Duan Research Group

Hetero-integrated Nanostructures and Nanodevices


Kinetic Manipulation of Silicide Phase Formation in Si Nanowire Templates

Y. Chen, Y.-C. Lin, X. Zhong, H.-C. Cheng, X. Duan and Y. Huang

Nano Lett. 13, 3703–3708 (2013)

The phase formation sequence of silicides in two-dimensional (2-D) structures has been well-investigated due to their significance in microelectronics. Applying high-quality silicides as contacts in nanoscale silicon (Si) devices has caught considerable attention recently for their potential in improving and introducing new functions in nanodevices. However, nucleation and diffusion mechanisms are found to be very different in one-dimensional (1-D) nanostructures, and thus the phase manipulation of silicides is yet to be achieved there. In this work, we report kinetic phase modulations to selectively enhance or hinder the growth rates of targeted nickel (Ni) silicides in a Si nanowire (NW) and demonstrate that Ni31Si12, δ-Ni2Si, θ-Ni2Si, NiSi, and NiSi2 can emerge as the first contacting phase at the silicide/Si interface through these modulations. First, the growth rates of silicides are selectively tuned through template structure modifications. It is demonstrated that the growth rate of diffusion limited phases can be enhanced in a porous Si NW due to a short diffusion path, which suppresses the formation of interface limited NiSi2. In addition, we show that a confining thick shell can be applied around the Si NW to hinder the growth of the silicides with large volume expansion during silicidation, including Ni31Si12, δ-Ni2Si, and θ-Ni2Si. Second, a platinum (Pt) interlayer between the Ni source and the Si NW is shown to effectively suppress the formation of the phases with low Pt solubility, including the dominating NiSi2. Lastly, we show that with the combined applications of the above-mentioned approaches, the lowest resistive NiSi phase can form as the first phase in a solid NW with a Pt interlayer to suppress NiSi2 and a thick shell to hinder Ni31Si12, δ-Ni2Si, and θ-Ni2Si simultaneously. The resistivity and maximum current density of NiSi agree reasonably to reported values.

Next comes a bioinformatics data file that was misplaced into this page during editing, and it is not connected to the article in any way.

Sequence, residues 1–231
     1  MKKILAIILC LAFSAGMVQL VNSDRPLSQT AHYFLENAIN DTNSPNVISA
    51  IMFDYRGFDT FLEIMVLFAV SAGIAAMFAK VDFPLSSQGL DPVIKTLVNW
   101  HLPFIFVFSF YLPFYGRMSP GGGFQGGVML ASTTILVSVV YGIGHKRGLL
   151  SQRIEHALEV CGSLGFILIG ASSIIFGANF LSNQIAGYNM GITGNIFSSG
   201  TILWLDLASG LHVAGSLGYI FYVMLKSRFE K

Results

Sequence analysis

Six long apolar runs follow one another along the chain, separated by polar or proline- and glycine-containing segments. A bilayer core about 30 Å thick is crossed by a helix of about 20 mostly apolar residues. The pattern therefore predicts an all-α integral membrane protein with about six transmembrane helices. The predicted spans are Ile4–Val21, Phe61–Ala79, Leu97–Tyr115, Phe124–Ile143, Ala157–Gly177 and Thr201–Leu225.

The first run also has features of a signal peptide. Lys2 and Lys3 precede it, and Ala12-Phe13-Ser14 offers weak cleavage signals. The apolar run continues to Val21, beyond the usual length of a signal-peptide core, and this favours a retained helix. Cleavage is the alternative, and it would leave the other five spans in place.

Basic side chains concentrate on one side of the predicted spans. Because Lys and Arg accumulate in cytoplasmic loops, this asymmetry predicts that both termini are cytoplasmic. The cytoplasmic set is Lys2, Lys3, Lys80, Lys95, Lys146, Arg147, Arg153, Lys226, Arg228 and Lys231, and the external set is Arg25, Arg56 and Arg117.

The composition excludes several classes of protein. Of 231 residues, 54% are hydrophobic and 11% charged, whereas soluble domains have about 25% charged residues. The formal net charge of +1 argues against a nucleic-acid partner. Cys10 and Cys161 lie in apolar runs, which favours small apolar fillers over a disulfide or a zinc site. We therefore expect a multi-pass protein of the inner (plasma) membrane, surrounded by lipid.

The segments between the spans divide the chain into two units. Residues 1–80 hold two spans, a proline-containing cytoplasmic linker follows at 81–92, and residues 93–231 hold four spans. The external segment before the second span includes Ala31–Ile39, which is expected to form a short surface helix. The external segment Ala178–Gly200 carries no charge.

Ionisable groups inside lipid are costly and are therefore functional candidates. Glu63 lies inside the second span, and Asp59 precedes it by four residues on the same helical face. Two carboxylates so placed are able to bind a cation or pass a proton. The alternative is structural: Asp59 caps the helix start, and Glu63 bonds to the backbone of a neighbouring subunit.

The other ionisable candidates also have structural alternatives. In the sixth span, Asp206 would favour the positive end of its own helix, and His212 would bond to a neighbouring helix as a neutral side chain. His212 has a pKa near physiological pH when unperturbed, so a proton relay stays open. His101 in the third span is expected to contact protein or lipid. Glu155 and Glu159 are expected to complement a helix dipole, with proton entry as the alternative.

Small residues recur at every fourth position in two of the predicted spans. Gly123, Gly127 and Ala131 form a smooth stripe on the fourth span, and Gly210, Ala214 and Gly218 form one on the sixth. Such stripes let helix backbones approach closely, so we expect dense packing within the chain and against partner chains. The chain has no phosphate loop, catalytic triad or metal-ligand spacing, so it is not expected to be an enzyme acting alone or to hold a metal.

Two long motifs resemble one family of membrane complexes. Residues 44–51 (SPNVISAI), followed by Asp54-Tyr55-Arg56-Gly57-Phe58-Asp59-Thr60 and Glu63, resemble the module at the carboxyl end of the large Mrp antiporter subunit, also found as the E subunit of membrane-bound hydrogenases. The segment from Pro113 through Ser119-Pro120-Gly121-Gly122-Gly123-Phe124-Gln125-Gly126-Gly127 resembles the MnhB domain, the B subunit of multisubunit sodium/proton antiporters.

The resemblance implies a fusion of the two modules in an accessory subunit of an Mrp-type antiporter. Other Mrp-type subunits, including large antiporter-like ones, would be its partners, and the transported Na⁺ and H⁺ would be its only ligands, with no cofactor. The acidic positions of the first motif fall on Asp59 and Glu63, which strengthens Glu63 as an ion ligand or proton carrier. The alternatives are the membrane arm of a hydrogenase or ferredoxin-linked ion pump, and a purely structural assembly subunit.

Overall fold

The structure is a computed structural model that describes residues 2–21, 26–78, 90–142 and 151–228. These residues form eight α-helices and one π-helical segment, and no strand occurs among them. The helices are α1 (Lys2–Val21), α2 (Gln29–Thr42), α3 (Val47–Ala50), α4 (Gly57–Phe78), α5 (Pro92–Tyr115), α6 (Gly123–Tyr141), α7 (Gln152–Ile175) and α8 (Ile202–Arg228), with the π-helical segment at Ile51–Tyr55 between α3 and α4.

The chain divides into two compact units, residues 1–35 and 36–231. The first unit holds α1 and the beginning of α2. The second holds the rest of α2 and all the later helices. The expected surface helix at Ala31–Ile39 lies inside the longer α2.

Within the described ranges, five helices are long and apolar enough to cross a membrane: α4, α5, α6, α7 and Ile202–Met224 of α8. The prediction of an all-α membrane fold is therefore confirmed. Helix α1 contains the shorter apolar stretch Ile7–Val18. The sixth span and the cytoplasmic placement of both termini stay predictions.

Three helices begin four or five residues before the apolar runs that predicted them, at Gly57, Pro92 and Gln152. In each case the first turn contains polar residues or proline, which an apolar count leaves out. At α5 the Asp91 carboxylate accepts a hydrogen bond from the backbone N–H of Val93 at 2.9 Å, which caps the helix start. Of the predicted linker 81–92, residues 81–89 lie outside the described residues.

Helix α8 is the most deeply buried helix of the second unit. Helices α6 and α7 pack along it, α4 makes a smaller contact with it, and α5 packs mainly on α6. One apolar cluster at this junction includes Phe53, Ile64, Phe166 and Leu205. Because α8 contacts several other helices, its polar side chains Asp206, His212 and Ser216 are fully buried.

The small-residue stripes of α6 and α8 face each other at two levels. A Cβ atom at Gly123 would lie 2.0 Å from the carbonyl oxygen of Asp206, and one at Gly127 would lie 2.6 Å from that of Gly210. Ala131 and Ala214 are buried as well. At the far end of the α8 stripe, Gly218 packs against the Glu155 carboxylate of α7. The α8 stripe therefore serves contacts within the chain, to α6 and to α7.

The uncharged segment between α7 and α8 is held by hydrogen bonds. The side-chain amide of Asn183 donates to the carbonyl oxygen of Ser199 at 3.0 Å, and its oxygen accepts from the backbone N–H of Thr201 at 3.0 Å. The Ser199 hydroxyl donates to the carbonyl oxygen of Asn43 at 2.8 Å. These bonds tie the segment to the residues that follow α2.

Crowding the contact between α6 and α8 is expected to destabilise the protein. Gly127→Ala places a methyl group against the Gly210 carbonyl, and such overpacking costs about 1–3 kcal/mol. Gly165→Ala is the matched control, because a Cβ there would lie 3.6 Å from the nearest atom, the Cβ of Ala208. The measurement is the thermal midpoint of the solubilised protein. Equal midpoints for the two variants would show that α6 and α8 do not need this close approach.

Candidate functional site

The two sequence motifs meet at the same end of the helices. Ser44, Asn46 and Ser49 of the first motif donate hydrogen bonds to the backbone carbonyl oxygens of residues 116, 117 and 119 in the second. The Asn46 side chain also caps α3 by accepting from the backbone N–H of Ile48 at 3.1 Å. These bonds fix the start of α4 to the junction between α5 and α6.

UCLA, Department of Chemistry and Biochemistry
607 Charles E. Young Drive East, Box 951569
Los Angeles, CA 90095-1569
E-mail: xduan@chem.ucla.edu